The post below contains excerpts from a sermon of Andrew Fuller (1754-1815) titled, “preaching Christ.” The great English Baptist preacher, Charles Haddon Spurgeon, described Fuller as “The greatest theologian of his century.” (The Armies of the Lamb: The Spirituality of Andrew Fuller, p. 23). Fuller’s work, The Gospel Worthy of All Acceptation (1785) influenced William Carey and others, and can be rightly considered the foundational document that helped launched the modern missionary movement.
Fuller developed and wrote theology as an active pastor. His writings were the outflow of his ministry in the local church and always emphasized practical application for evangelism and missions. His call for Christ-centered, Gospel-focused sermons is needed today as urgently as ever.
“We preach not ourselves, but Christ Jesus the Lord; and ourselves your servants for Jesus’ sake.” (2 Corinthians 4:5)
If we study Divine subjects merely as ministers, they will produce no salutary effect. We may converse with the most impressive truths, as soldiers and surgeons do with blood, till they cease to make any impression upon us. We must meditate on these things as Christians, first feeding our own souls upon them, and then imparting that which we have believed and felt to others; or, whatever good we may do to them, we shall receive none ourselves. Unless we mix faith with what we preach, as well as with what we hear, the word will not profit us.
Preaching the gospel is not the only work of a Christian minister; but it is a very important part of his duty, and that which, if rightly attended to, will be followed by other things. To this, therefore, I shall request your attention. You cannot have a better model than that which is here held up to you. The example of the apostles and primitive ministers is for our imitation. Three things are here presented to our notice; what they did not preach what they did preach and what they considered themselves.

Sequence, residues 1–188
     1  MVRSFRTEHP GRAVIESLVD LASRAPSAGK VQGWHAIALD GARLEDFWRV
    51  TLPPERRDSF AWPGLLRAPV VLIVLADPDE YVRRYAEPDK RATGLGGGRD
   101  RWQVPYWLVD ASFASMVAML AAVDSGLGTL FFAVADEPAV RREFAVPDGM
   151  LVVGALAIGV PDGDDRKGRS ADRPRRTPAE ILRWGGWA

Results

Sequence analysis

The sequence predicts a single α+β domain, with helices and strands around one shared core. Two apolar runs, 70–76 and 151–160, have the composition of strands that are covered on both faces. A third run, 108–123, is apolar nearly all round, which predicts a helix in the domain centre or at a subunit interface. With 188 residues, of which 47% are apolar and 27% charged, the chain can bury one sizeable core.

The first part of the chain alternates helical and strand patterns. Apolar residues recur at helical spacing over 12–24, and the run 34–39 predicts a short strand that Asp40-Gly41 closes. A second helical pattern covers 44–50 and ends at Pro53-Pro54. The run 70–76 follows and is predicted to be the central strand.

WHAT THE APOSTLES DID NOT PREACH
“We preach not ourselves.” It might be thought that this negative was almost unnecessary; for, except a few gross impostors, who would ever think of holding up themselves as saviours, instead of Christ? “Was Paul crucified for you? or were ye baptized into the name of Paul?” Very true, in this gross sense, few men in the present day will be found to preach themselves. But self may be an object of preaching without being expressly avowed, and even while with the tongue Christ is recommended. And there is little doubt that self is the great end of numbers who engage in the Christian ministry . . . . For example:
If worldly advantage be our object, we preach ourselves.
It is true there is but little food for this appetite in our congregations. Yet there are cases where it is otherwise. Men have made their fortunes by preaching. And if this have been their object, they have had their reward. If this had not been a possible case, Paul would not have disavowed it as he does:” Not for a cloak of covetousness, God is witness.”
If we make the ministry subservient to a life of ease and indolence, we preach ourselves rather than Christ.
We may get but little for our labour, and yet, being fond of a life of sloth, (if a life it can be called,) it may be more agreeable to us than any other pursuit. It is from this disposition that many ministers have got into the habit of spending a large part of every week in gossiping from house to house; not promoting the spiritual good of the people, but merely indulging themselves in idle talk. I might add, it is from this disposition and practice that a large proportion of the scandals among ministers have arisen.
If the applause of our hearers be the governing principle of our discourses, we preach ourselves, and not Christ.
To be acceptable is necessary to being useful, and an attention to manner with this end in view is very proper; but if the love of fame be our governing principle, our whole ministry will be tainted by it. This subtle poison will penetrate and pervade our exercises, till every one perceives it, and is sickened by it, except ourselves. It will inflate our composition in the study, animate our delivery in the pulpit, and condescend to fish for applause when we have retired. It will even induce us to deal in flattering doctrine, dwelling on what are known to be favorite topics, and avoiding those which are otherwise.
If our aim be to make proselytes to ourselves, or to our party, rather than converts to Christ, we shall be found to have preached ourselves, and not him.
We certainly have seen much of this species of zeal in our times — “Men speaking perverse things, to draw away disciples after them.” Nor do I refer merely to men who would be thought singularly evangelical, and even inspired of God — who are continually holding up themselves as the favorites of Heaven and the darlings of Providence, and denouncing judgments on all who oppose them; and the tenor of whose preaching is to persuade their admirers to consider themselves as the dear children of God, and all who disapprove of them as poor blind creatures, knowing nothing of the gospel.
WHAT THE APOSTLES DID PREACH